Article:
President Obama may have nearly another 11 months in office, but under a new bill that passed Congress on Monday, his administration will have to begin preparing to turn over the keys as early as May.
The legislation, which the House approved by voice vote on Monday evening following passage by the Senate last year, requires the president to establish a pair of transition councils six months before the election. The goal is both to help the government withstand the departure of hundreds of political appointees before Obama’s term ends and to assist the major candidates with the Herculean task of staffing the government upon taking office. What it also means in practice is that the Obama administration could be meeting with advisers to both Hillary Clinton and Donald Trump—or Marco Rubio or Bernie Sanders—long before they formally accept their party’s nominations in July.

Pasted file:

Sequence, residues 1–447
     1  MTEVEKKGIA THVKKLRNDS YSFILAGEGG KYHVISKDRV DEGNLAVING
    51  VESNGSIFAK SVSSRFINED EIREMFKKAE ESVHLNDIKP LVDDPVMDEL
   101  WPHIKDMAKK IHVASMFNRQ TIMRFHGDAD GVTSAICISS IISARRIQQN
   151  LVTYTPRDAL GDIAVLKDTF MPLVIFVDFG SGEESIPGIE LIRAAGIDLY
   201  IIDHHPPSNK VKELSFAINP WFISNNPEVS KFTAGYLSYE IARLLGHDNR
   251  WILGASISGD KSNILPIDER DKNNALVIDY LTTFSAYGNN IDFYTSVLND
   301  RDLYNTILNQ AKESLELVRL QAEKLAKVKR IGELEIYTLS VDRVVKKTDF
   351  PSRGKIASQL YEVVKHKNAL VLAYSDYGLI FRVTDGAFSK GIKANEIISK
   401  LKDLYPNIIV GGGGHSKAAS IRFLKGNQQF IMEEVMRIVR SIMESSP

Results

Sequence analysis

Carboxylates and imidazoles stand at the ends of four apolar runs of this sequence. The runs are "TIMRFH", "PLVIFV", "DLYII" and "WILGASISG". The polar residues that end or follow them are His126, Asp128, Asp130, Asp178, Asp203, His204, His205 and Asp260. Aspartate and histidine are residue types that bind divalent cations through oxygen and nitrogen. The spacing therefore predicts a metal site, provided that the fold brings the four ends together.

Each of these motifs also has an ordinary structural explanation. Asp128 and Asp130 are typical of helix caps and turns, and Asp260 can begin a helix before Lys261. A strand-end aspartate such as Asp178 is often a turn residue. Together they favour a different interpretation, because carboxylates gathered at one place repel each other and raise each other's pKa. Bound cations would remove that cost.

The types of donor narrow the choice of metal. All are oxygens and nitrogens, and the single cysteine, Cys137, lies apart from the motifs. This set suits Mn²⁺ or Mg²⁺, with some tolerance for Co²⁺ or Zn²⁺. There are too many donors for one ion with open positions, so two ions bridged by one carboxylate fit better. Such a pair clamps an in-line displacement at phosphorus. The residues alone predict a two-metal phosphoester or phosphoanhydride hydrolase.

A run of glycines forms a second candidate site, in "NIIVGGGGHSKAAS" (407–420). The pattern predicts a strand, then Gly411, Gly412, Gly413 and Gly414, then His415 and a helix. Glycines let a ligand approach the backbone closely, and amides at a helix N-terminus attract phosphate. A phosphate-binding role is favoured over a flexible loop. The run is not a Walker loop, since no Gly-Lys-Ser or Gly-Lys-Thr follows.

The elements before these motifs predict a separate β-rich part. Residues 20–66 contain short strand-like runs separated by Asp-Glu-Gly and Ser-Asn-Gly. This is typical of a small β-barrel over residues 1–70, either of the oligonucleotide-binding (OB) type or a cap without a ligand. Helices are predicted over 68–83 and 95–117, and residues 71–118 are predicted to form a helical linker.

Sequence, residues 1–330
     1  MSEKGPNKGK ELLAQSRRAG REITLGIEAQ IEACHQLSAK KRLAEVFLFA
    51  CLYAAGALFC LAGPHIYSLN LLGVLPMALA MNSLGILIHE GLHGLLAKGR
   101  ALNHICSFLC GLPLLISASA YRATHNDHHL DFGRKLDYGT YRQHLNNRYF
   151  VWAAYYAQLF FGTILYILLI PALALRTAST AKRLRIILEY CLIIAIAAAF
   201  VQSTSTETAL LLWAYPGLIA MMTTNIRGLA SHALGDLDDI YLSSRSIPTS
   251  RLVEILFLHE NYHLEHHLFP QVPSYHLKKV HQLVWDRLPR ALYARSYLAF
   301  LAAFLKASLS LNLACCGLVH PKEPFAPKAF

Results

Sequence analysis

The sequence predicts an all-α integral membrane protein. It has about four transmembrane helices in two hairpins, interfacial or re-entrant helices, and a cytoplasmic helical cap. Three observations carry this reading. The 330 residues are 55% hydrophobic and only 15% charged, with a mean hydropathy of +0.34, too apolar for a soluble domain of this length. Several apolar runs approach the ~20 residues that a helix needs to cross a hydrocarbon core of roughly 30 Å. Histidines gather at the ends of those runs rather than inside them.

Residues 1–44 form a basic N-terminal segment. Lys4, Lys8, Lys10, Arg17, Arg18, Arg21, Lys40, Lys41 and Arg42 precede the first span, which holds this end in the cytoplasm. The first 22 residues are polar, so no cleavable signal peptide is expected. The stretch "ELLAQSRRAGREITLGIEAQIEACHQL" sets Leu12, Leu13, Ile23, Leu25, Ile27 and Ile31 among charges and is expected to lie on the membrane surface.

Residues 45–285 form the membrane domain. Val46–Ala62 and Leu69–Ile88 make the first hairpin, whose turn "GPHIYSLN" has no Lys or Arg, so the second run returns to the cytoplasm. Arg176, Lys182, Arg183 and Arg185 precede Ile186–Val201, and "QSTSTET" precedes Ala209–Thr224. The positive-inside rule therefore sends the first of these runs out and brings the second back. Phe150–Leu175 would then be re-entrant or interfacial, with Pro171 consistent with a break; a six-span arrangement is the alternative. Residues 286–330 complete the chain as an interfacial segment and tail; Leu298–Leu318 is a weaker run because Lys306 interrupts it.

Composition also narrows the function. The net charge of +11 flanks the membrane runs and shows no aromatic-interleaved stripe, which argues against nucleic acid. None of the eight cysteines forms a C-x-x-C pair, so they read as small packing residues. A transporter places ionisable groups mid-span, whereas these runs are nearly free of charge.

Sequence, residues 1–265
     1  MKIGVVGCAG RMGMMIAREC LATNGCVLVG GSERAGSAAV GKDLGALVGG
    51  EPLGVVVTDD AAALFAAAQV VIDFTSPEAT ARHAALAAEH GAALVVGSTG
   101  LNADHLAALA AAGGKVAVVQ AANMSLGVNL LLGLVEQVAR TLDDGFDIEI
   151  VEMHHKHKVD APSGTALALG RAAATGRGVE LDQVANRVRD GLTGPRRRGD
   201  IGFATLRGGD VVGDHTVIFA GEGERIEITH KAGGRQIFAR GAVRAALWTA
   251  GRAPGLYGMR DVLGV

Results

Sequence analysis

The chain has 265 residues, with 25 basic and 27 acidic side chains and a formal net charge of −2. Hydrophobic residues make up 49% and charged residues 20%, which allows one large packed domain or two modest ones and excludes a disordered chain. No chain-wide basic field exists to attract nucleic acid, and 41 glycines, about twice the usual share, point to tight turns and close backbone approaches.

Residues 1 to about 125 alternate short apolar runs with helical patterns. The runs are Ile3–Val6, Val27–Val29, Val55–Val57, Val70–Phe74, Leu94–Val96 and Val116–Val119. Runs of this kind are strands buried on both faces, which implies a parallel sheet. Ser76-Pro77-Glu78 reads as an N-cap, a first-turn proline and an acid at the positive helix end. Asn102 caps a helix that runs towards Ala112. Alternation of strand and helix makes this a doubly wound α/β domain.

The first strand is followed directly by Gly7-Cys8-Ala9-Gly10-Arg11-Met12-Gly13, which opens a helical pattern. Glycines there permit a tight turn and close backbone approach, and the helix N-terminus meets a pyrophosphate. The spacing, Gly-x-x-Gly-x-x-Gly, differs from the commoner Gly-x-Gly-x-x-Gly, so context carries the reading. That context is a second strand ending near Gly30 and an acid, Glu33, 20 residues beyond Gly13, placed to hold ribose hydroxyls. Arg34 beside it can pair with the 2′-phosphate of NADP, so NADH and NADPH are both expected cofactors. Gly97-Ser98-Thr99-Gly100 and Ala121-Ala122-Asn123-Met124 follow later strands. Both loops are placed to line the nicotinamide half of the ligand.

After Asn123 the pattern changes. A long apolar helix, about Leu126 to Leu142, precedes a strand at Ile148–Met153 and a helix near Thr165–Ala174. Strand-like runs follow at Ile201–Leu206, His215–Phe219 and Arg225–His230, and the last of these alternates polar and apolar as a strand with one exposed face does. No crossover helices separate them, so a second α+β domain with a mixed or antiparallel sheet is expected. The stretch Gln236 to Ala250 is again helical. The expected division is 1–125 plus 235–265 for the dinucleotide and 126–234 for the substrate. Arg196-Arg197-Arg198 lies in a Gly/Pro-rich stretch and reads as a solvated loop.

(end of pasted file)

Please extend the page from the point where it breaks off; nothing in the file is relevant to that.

The bill is the outgrowth of a 15-year effort to improve the presidential transition process, and it builds upon a law enacted in 2010 that required the government, through the General Services Administration, to offer transition services to the major-party nominees before the election. “An outgoing administration, even under current law, is in essence required to do nothing to hand off in an effective way. This legislation changes that,” said Max Stier, founding president and CEO of the Partnership for Public Service, which last month established a Center for Presidential Transition to help candidates navigate the process.